As a kid I was part of a well organized Boy Scout troop. Our leader was an experienced outdoorsman (more like mountain man) and we learned a ton from every campout and outing.
One Summer we planned a 50-miler to achieve one of the patches Scouting offers. We earmarked 4 days where we could travel along a route in southwestern Montana. The route included mountain terrain, rolling hills, forested sections, grassy knolls, and water features.
We prepared for weeks before the packpacking adventure. We did pack checks to make sure we brought the right gear, we planned light weigh food and water rations, we planned for blisters and other first aid needs.
We set out on the trail. Each day the column of boys would stretch out as some boys would pace ahead and others would lag behind. As we reached the pre-designated camp sites each day we'd stop, get a fire started and wait for everyone to arrive.
We'd explore our new site, rest from the day's travels, repair blisters, cook food and more. It was very satisfying to log 10-15 miles per day. It was great to shed the backpack weight at the end of each leg of the route.
On the second to last day we were nearing our camp spot and one of the boys yelled out, "Hey, is that a bear?!?!"
We all looked over and saw a black bear charging for a herd of sheep in a little valley.
We all paused to watch the scene about to unfold. We were all expecting something akin to a Jurassic Park predator/prey scene and we were morbidly captivated. Suddenly the sheep saw the bear as it crested the hill but it was too late. They began to scatter but the bear was so close they had no chance.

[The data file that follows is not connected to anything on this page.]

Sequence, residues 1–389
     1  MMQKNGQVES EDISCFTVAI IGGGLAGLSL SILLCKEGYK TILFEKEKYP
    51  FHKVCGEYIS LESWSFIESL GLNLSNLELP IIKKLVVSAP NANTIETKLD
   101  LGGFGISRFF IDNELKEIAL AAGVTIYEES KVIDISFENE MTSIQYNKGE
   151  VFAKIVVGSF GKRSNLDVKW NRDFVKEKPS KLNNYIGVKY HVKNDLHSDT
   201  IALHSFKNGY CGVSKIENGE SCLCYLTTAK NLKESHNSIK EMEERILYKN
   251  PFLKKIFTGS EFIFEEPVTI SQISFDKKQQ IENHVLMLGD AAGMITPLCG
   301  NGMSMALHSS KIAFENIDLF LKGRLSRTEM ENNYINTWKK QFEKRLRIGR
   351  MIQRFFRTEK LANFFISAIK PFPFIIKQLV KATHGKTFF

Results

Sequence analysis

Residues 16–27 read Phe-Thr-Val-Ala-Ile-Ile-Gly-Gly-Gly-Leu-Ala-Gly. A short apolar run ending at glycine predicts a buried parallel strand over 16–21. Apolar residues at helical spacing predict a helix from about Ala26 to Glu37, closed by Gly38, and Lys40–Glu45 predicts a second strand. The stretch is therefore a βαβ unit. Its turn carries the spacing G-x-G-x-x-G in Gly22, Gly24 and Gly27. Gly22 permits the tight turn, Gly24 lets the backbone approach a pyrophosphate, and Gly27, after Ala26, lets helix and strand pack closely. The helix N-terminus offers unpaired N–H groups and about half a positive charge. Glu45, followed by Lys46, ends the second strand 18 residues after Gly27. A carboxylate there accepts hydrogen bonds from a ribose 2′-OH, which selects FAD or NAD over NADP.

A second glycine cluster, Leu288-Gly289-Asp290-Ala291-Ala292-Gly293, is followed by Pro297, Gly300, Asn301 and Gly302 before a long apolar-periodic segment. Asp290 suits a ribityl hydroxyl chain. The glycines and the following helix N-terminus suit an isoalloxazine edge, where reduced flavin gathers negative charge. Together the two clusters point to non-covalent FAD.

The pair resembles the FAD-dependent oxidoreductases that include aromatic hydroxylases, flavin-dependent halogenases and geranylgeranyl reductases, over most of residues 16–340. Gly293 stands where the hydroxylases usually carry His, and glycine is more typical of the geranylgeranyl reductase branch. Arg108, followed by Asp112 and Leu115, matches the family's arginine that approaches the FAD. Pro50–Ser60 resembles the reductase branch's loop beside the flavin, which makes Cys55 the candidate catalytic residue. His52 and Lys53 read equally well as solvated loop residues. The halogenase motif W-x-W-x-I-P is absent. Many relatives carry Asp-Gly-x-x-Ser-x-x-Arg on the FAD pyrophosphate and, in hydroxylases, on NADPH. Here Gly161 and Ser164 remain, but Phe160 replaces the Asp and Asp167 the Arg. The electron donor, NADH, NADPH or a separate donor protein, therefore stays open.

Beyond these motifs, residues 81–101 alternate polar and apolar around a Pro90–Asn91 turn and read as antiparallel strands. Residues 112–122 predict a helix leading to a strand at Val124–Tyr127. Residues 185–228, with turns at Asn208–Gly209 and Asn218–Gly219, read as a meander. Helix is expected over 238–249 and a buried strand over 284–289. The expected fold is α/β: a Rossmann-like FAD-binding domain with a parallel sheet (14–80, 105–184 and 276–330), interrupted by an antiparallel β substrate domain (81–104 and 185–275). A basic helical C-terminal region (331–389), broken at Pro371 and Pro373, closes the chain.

Just as the bear was about to reach one of the ewes we heard a distant crack in the air and the bear tumbled to the ground. We looked toward the sound of the crack and saw a sheep herder standing with his lever action 30-06. He had seen the bear coming and just at the right time saved his herd.
We hiked over to him in disbelieve. He was a salty old man. His camp was rustic. We asked how long he'd been in this site and he mentioned he'd spent a month there camped out.
As a kid I'd heard my grandpa tell stories of the old sheep herders but I'd never seen one in action. It was amazing how acurate he was with this rifle and how he could spend so much time in solitude with his herd.
Somehow, meeting the old herdsman made sleeping in our camp a little easier. I felt 'sheepish' to have complained about sleeping on the ground for the past few nights.